Mid-September links: Kindles, swimming, Chile, and programming

* According to the Electronic Frontier Foundation, a Kindle-dominated world would mean, um, something new. But what?

* The 2008 Bulwer-Lytton Fiction Contest results are in, and the winner offers a typically horrendous opening that is paradoxically special in its own way:

Theirs was a New York love, a checkered taxi ride burning rubber, and like the city their passion was open 24/7, steam rising from their bodies like slick streets exhaling warm, moist, white breath through manhole covers stamped “Forged by DeLaney Bros., Piscataway, N.J.”

I just got inspired to send an entry for next year’s contest as I wrote this entry. Watch this space for more.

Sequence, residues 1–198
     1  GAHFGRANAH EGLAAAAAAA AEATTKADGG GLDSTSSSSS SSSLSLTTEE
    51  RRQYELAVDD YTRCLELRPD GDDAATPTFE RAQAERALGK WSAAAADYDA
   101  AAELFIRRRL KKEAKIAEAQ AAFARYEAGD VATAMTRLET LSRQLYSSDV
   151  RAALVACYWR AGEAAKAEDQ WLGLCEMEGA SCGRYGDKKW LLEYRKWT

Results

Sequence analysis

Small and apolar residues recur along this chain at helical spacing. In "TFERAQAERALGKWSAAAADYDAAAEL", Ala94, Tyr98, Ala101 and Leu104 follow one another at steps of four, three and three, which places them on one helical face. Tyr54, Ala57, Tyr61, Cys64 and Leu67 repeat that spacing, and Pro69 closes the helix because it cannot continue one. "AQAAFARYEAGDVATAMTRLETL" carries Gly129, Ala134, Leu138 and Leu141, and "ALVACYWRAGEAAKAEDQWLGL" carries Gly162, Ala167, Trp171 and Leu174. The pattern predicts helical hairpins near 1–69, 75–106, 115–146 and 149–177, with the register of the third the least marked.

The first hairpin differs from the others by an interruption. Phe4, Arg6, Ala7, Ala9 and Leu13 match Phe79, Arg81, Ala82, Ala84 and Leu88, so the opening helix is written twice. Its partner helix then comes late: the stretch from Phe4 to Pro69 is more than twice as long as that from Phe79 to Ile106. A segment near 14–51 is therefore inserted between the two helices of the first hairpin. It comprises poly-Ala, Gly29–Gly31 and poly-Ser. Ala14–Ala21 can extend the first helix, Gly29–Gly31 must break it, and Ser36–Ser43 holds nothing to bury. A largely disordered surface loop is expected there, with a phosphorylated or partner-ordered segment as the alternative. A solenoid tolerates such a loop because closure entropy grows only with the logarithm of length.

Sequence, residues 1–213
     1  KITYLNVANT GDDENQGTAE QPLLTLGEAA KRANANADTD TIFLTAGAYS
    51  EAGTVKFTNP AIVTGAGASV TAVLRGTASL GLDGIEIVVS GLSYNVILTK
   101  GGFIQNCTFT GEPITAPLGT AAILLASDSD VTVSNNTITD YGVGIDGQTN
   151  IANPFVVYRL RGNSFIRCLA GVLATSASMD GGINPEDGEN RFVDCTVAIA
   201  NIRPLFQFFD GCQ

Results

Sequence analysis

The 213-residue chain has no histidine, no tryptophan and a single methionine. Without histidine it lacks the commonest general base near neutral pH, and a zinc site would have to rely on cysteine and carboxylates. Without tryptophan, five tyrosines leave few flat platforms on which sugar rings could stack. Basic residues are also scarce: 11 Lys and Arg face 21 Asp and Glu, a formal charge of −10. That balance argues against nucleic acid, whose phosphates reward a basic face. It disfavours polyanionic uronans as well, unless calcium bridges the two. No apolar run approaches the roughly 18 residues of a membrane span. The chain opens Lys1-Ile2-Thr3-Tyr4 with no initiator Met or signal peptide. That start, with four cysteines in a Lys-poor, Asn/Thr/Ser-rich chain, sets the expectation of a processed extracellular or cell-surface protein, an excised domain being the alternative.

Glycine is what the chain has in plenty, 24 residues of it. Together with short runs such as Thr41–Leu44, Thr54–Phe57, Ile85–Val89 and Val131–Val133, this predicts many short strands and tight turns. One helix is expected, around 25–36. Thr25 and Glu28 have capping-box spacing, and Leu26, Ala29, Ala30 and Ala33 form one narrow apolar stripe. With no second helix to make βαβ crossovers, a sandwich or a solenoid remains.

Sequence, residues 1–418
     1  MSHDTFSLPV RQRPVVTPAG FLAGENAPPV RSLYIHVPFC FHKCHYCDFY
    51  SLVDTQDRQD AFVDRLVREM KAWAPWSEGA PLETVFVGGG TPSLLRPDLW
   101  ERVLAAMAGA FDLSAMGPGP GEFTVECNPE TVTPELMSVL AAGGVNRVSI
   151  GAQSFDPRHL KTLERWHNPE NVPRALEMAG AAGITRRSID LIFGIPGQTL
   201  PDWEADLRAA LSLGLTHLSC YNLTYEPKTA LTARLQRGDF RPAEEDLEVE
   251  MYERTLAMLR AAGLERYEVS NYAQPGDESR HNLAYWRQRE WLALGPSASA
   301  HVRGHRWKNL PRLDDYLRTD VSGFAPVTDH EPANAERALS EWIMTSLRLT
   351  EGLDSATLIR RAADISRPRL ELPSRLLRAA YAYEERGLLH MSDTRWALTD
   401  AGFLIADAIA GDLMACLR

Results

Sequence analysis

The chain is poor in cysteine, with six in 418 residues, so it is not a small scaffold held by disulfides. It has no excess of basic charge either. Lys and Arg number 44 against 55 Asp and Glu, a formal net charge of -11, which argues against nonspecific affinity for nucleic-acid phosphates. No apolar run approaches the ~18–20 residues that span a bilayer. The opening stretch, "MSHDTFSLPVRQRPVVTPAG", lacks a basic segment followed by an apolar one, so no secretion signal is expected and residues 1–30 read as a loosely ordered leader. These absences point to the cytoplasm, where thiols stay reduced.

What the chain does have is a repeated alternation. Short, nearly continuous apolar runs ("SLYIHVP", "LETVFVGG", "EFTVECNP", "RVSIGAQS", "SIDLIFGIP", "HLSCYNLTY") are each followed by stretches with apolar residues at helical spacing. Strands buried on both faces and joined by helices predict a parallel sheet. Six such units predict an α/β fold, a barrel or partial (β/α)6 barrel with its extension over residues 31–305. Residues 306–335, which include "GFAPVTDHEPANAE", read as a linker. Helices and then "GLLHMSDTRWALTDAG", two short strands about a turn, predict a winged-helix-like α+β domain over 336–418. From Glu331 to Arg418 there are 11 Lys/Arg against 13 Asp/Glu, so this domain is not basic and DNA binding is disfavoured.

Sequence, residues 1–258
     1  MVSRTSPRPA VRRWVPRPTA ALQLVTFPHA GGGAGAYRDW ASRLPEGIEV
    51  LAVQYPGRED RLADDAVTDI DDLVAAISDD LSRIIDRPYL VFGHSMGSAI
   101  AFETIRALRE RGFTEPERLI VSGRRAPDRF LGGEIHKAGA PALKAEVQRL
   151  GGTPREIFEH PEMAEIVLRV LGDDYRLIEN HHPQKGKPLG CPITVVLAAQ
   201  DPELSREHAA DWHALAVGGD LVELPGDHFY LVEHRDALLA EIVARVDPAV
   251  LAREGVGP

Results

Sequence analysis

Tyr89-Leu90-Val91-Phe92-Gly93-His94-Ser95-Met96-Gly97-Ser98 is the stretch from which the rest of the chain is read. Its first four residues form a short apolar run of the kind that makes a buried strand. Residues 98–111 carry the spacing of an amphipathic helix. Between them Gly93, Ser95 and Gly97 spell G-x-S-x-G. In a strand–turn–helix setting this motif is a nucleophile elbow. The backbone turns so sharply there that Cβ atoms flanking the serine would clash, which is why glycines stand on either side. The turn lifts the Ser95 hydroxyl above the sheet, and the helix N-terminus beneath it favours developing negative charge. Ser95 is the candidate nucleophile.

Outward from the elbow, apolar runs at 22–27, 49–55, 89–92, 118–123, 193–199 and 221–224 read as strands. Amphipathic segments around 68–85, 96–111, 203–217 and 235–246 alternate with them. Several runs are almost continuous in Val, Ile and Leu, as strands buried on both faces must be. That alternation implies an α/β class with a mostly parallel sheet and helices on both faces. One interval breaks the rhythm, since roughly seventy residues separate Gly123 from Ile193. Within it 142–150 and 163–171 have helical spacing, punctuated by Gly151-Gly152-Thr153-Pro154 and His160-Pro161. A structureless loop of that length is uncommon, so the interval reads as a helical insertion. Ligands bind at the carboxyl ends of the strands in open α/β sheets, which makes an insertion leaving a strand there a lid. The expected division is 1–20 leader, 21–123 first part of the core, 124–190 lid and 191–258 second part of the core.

* By way of Paper Cuts, In literature, as in life, the art of swimming isn’t hard to master. I mentioned the issue previously at the bottom of this post.

The follow-up about running is here. Yours truly comments in both threads.

* Funny: Bruce Schneider wrote a post for Wired about creating fake identities and the increasing tenuous and yet important link between us and the “data shadows” we generate:

It seems to me that our data shadows are becoming increasingly distinct from us, almost with a life of their own. What’s important now is our shadows; we’re secondary. And as our society relies more and more on these shadows, we might even become unnecessary.

I say “funny,” because I just finished the second draft of a novel that plays with these very ideas. While on the topic of Schneider, he also asks, who needs reason regarding Homeland Insecurity when we can have a culture of perpetual fear instead?

* Speaking of ideas regarding identity, the digital world might be transforming Latin America. In Chile, the New York Times reports a sexual revolution of sorts among the young, driven by technology and connectivity. I wonder what Roberto Bolaño would say.

* Want to be a good programmer? Consider reading.

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